to the next word. readNum does something similar, but it does the extra step of converting to
a number for you.
To use them, allocate space for a string or an int on the stack, like this:
and then pass pointers to those variables to the readString or readNum functions.
Just allocating space for a pointer (with some thing like String* in) doesn’t make space
for the actual String anywhere, just a pointer. Therefore we need to make space on the
stack and then pass a pointer to that space into the functions, as shown above.
Q: If two customers are tied for max purchases of an item, which one do we return?
A: Return the first customer added to the list of customers that purchased that number of the
item. For example:
Inventory Bottles 4
Purchase Sue Bottles 1
Purchase Dan Bottles 2
Purchase Sue Bottles 1
This would return Sue for max purchaser of bottles because she was encountered first.
Q: Do we include customers who bought 0 or negative items? What if they can’t complete
A: Do not add customers who bought 0 items to the database (and also disregard customers
who try to buy negative items), and don’t include them towards max purchaser. Do not
print/output anything in these cases.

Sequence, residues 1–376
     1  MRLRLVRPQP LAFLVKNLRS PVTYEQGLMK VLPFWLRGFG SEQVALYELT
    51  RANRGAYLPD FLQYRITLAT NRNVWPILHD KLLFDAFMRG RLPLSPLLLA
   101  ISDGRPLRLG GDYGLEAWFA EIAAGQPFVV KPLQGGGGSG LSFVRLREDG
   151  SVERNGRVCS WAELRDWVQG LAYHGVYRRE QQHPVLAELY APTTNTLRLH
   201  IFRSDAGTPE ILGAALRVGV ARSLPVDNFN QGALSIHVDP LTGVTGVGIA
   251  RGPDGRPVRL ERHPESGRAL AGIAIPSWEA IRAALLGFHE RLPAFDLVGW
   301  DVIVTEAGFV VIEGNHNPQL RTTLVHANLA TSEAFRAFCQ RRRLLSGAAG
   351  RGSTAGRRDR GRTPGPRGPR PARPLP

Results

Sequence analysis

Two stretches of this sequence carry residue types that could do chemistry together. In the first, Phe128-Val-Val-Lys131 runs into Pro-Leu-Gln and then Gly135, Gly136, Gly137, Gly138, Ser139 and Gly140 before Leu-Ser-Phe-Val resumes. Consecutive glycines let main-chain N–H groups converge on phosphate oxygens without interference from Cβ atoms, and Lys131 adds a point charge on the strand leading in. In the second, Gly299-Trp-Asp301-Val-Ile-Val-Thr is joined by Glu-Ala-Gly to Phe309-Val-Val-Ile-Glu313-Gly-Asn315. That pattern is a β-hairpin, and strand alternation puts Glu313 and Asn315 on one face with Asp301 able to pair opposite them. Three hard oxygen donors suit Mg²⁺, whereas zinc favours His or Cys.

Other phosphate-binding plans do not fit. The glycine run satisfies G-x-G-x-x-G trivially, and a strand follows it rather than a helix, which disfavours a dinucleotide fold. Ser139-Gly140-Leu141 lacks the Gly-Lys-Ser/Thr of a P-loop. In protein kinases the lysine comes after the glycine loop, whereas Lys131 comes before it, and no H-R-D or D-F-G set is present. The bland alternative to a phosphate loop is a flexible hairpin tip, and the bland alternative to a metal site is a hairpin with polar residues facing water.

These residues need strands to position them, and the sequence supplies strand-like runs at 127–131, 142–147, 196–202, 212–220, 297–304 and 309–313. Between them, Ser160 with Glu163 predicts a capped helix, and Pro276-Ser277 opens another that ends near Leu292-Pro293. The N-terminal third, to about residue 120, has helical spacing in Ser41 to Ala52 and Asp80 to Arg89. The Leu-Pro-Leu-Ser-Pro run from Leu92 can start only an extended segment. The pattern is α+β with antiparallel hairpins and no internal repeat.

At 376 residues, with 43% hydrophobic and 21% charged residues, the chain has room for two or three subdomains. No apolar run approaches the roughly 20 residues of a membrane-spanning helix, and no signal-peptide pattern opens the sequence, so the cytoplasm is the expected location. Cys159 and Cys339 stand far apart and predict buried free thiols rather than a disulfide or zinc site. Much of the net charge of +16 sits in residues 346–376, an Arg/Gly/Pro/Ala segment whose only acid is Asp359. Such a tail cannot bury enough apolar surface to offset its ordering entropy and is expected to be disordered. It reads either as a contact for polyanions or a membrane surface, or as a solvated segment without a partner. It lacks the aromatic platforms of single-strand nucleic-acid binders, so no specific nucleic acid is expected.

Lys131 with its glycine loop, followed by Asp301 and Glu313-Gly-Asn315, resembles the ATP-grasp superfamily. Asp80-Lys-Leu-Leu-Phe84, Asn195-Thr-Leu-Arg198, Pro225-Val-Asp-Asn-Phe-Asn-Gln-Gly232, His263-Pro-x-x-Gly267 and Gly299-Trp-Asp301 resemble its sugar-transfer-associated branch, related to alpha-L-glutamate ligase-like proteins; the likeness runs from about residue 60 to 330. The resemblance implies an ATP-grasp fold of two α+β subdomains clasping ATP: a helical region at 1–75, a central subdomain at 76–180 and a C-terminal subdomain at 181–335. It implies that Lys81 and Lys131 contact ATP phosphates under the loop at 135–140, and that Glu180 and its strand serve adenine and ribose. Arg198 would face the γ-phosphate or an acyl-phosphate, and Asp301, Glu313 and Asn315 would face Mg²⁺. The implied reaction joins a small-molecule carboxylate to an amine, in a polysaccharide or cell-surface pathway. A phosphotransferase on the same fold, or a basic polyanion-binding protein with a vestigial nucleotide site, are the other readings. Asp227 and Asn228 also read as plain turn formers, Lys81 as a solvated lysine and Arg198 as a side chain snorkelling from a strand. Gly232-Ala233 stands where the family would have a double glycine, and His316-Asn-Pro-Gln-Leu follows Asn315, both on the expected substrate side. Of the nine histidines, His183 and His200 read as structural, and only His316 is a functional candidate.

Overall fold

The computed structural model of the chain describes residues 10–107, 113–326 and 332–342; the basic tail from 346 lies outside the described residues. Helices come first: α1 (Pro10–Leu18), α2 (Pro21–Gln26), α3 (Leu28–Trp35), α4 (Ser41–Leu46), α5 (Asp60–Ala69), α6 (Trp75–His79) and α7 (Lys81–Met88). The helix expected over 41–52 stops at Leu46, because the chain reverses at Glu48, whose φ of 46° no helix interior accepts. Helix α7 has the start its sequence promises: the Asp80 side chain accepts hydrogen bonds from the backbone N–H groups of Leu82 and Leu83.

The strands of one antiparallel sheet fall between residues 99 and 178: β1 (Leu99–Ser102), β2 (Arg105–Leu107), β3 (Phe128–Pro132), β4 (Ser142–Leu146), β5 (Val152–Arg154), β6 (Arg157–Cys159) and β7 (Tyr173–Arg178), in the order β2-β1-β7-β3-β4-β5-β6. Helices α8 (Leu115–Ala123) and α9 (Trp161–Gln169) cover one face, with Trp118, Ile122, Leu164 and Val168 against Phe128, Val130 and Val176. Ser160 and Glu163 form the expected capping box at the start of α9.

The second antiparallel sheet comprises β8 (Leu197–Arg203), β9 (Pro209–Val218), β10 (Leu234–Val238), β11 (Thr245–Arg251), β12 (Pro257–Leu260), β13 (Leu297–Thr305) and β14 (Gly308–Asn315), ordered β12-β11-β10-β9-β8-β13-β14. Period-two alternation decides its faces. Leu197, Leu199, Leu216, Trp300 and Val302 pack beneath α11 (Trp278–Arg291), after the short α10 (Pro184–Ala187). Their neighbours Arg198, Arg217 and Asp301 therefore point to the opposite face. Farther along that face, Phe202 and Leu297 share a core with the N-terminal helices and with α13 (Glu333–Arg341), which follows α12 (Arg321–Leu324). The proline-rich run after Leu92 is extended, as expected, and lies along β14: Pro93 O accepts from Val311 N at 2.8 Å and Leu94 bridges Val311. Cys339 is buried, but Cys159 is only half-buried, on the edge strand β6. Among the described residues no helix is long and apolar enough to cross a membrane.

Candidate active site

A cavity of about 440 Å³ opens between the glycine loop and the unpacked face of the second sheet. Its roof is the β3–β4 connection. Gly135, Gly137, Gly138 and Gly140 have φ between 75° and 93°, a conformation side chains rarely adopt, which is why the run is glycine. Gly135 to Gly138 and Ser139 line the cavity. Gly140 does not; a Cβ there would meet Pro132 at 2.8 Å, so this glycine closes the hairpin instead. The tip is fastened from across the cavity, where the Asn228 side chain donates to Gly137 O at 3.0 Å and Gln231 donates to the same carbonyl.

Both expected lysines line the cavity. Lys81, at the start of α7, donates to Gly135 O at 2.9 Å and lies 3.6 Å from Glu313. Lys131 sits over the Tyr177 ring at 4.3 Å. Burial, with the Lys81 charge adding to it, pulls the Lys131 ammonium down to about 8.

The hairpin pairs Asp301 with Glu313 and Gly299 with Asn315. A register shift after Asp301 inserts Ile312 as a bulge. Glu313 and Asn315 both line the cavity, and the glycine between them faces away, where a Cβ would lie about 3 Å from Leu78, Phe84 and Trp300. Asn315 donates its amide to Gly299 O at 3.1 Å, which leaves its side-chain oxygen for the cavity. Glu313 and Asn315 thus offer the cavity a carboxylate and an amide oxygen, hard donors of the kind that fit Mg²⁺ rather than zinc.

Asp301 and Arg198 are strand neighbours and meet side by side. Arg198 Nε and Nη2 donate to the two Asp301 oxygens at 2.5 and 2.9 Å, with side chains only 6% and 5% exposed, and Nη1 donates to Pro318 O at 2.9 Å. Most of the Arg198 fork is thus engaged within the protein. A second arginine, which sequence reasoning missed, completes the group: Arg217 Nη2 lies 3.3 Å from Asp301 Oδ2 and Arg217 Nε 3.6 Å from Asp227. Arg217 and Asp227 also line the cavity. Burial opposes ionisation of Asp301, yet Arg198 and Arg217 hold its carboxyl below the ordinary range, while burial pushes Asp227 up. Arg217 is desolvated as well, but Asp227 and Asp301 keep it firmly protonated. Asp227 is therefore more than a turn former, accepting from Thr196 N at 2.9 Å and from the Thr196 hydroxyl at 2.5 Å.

Q: Printing using printf is causing weird errors.
A: The strings given by readString are not null terminated. Using the string print function
in String.h will print them correctly. Remember that the len field is used to print the
string properly, so if you modify the string inside, make sure to update len. If you don’t, the
string will not print as expected.
Note: Reset will be called right before main returns. This might not matter for your
implementation, but if you allocate some of your data on the heap, it means that you can free
it before returning.
Assume properly formatted input.
CHECKLIST – Did you remember to:
Re-read the requirements after you finished your program to ensure that you meet all
Make sure that your program passes all our testcases?
Check for memory leaks?
Make up your own testcases?
Upload your solution to Canvas?
Download your uploaded solution into a fresh directory and re-run all testcases on